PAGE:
State synchronisation is key to Aptos’ architecture design, by achieving the following outcomes:
- Low time to finality — through fast propagation of data between nodes and hence less transaction processing delays.
- Up to date consensus — by bringing crashed or new validators up to the latest blockchain state.
- Data correctness — which prevents malicious actors from modifying or censoring data in the network; and
- Greater decentralisation — through faster rotations of active validator set, and allows more nodes to come online in a shorter period of time.
- Upgradeability — validator management and configuration is managed with on-chain state to quickly execute upgrades.
In order to build this state sync protocol, Aptos had to ensure that there is:
- Persistent storage — to prevent machine failures and enable data distribution through RocksDB
- A verifiable blockchain — to prevent malicious modification of the blockchain data through validators authenticating merkle roots of committed transactions and resulting states and
- A root of trust — to allow validators to sync to the blockchain at anytime through the genesis blob (first validator set + initial blockchain state) and a trusted waypoint (hash of current validator set + blockchain state).
Since then, Aptos has made the following optimisations, and can state synch with other nodes (e.g. full nodes or other validators) at rates over 10k TPS with sub-second latency and modest hardware requirements.
- Data Prefetching — To reduce network latencies by prefetching transaction data (transactions + state deltas) prior to processing them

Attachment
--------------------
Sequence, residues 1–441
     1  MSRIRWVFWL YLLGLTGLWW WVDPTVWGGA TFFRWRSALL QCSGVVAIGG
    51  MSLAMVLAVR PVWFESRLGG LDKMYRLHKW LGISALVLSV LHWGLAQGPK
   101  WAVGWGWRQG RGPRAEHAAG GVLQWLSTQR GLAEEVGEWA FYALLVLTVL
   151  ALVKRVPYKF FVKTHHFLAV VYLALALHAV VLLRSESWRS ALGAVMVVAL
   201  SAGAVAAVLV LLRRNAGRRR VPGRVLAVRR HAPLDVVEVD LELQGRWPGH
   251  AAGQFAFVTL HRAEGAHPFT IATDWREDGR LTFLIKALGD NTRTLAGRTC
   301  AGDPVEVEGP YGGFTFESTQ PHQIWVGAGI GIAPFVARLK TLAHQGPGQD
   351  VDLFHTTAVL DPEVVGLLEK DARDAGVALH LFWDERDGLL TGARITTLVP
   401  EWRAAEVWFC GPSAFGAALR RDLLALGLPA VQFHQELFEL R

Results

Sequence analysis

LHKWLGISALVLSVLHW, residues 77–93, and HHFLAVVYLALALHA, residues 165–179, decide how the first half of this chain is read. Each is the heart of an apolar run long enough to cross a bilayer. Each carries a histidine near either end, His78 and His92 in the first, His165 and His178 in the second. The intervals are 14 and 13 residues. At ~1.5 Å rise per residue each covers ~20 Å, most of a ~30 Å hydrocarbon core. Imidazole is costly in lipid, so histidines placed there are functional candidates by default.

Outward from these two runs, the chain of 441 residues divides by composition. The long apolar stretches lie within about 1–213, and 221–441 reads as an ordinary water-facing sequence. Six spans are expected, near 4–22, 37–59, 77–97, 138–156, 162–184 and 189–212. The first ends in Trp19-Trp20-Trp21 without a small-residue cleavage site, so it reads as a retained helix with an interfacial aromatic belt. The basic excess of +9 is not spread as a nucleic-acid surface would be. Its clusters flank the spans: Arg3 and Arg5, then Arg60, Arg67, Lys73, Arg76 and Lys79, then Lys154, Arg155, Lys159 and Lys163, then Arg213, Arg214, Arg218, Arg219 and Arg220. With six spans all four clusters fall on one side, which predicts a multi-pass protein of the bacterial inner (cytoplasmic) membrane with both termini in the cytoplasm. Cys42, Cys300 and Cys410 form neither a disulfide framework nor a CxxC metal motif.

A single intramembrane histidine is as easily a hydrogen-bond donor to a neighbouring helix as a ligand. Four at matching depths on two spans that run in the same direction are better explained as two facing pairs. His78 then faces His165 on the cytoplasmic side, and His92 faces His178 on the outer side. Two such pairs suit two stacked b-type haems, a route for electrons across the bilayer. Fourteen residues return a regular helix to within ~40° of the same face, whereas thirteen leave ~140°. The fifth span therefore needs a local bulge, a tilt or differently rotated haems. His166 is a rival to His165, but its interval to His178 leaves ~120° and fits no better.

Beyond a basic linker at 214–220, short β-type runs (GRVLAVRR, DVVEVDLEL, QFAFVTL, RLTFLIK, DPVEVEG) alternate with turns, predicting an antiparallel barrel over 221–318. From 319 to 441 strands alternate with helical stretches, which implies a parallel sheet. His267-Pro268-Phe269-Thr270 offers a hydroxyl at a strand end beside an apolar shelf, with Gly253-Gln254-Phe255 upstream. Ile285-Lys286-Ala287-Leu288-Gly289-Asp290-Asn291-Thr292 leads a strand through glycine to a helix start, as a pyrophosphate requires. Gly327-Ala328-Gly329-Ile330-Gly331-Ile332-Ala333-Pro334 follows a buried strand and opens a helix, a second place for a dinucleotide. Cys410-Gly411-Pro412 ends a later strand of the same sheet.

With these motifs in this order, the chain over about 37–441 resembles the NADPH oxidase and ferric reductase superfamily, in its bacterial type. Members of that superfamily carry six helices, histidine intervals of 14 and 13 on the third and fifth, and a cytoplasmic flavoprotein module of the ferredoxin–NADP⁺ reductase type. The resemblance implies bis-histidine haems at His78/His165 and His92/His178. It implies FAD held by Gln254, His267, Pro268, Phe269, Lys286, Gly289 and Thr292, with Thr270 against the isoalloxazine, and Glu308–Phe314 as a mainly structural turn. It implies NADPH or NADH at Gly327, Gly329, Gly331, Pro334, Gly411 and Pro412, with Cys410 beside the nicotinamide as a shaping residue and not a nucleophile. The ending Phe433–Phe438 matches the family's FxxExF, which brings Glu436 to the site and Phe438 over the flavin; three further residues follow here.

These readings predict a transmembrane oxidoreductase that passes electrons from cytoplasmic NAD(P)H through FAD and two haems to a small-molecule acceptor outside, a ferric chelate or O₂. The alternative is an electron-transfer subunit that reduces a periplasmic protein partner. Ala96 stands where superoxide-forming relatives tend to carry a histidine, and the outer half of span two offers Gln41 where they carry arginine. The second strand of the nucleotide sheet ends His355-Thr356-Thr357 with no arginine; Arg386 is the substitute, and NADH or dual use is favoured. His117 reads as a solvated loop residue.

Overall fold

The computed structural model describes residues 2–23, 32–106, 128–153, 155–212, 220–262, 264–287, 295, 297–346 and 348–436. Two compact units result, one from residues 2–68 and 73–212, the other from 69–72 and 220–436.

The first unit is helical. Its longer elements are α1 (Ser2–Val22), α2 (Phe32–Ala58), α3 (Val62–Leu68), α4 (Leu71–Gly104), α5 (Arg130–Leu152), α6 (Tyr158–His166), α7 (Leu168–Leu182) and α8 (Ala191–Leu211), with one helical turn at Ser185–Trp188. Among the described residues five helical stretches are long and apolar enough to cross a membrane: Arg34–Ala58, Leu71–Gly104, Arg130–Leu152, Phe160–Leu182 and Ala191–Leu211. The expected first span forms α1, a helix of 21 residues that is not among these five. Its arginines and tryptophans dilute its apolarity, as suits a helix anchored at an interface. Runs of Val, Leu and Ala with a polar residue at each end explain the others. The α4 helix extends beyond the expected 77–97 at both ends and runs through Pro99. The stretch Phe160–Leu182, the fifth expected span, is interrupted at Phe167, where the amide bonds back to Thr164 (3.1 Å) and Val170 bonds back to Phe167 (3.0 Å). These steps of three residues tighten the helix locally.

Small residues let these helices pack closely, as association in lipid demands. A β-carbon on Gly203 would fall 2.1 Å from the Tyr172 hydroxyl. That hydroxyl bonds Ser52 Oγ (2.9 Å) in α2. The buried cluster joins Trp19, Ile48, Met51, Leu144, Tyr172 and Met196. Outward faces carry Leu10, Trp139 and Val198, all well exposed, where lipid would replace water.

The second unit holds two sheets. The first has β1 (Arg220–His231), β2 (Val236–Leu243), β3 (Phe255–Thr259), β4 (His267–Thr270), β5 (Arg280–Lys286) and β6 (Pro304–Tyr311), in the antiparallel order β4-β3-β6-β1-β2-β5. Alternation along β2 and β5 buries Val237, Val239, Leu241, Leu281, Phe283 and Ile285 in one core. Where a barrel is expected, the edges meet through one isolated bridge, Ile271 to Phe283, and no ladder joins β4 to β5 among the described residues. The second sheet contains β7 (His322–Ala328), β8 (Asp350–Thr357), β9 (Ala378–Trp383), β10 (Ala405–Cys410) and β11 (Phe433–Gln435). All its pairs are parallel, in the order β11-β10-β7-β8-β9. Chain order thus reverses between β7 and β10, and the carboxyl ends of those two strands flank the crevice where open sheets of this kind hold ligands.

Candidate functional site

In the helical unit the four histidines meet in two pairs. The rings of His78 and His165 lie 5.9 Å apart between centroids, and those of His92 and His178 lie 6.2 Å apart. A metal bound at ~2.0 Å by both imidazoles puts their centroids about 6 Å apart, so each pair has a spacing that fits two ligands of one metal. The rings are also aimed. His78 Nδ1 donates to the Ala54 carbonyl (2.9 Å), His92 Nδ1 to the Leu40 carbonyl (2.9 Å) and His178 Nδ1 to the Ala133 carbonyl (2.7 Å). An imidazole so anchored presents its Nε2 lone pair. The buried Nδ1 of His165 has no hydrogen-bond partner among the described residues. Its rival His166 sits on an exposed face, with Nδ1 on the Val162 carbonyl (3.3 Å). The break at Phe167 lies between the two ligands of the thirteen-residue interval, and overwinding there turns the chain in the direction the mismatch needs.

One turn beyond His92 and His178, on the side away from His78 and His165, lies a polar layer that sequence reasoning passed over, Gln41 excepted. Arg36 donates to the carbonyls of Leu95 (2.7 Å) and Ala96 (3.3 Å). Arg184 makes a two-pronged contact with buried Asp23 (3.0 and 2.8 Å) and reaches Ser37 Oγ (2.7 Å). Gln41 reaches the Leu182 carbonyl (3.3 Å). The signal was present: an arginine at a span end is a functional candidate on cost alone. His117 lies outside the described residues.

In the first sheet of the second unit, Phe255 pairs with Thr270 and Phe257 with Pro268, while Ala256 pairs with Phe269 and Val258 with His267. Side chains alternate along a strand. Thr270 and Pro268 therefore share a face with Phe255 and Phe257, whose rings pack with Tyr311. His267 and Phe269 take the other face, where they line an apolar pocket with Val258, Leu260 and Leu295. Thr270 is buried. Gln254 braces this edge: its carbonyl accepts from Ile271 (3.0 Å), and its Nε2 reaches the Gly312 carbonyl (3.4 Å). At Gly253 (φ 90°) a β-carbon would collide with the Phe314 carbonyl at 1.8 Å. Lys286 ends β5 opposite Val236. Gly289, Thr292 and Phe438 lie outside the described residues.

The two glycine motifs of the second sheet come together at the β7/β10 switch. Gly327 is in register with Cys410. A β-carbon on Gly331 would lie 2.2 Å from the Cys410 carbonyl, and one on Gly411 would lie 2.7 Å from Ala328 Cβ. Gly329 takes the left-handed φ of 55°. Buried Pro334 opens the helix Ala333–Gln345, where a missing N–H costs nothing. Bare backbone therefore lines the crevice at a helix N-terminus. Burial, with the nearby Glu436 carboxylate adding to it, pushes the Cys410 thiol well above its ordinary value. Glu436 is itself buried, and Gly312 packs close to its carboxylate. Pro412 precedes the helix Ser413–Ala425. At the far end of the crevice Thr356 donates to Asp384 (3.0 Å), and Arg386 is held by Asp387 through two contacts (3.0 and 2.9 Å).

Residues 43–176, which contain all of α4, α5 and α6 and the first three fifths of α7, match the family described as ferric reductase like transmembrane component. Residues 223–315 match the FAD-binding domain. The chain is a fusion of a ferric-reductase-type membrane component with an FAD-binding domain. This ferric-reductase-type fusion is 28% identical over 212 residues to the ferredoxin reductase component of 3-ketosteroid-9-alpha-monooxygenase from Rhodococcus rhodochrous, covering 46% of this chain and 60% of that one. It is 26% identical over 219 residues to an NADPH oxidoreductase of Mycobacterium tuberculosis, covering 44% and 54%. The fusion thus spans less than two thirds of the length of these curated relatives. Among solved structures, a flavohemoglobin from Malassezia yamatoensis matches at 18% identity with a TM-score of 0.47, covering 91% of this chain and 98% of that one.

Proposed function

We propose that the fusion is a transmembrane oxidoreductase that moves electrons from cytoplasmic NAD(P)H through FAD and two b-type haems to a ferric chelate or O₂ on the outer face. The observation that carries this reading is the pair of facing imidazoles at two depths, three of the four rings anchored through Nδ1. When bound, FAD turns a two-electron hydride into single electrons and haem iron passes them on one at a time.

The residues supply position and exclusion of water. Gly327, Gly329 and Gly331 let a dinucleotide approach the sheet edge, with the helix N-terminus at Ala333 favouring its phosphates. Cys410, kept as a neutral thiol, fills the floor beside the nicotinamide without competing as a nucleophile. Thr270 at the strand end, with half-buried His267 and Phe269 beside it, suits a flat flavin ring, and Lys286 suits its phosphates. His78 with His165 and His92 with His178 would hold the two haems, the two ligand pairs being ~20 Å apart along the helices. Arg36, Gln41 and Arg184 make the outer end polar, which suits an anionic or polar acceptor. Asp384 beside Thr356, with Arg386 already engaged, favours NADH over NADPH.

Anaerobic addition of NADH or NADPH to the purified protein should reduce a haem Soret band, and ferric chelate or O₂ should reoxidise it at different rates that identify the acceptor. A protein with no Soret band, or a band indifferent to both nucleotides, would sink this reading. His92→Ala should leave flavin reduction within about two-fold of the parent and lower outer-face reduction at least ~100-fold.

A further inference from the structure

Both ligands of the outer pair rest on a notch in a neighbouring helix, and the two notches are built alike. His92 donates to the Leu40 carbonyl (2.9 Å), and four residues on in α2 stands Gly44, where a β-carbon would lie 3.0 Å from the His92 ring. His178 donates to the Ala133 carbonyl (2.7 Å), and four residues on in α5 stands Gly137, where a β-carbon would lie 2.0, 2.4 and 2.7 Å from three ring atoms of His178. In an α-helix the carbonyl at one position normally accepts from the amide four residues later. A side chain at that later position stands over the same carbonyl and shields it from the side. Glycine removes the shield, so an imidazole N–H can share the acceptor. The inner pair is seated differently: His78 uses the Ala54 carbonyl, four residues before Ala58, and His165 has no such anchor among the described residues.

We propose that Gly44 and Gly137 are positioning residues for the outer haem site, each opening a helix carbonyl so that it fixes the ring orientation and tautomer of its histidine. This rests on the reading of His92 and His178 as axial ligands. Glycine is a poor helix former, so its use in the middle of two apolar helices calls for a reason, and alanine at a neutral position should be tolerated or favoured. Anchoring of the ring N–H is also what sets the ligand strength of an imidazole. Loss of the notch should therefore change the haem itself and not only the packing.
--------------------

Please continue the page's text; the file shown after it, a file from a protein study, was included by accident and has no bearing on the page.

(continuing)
- Pipelined Execution and Storage — To increase throughput syncing by separating transaction execution and storage persistence.
- Peer monitoring and Reputation — To optimise peer selection when requesting new blockchain data through peer monitoring for behaviour, distance from validator set and local scoring.
- Data Caching — To reduce read load on storage by storing commonly requesting data items and responses in memory
- Storage Pruning — To prevent storage from bloating over time by pruning unnecessary transaction and blockchain data from storage
Going forward, the Aptos team has already identified optimisations below to achieve 100k+ TPS to match up to the throughput of Block-STM.
- Transaction Batching — To reduce expensive verification and storage by verifying proofs over batches of transactions vs individual transactions
- Network Compression — To optimise bandwidth for scalability by compressing transmitted data vs serialised data distribution
- Faster Storage Writes — To reduce time taken to persist blockchain data to storage by using more efficient data structures and storage configurations or alternate storage engines
- Parallel Data Processing — To enable parallel data processing vs sequential state syncing through sharding or other approaches
Read here to find out more about state synchronisation on Aptos.
Smart Contract Programming Language — Move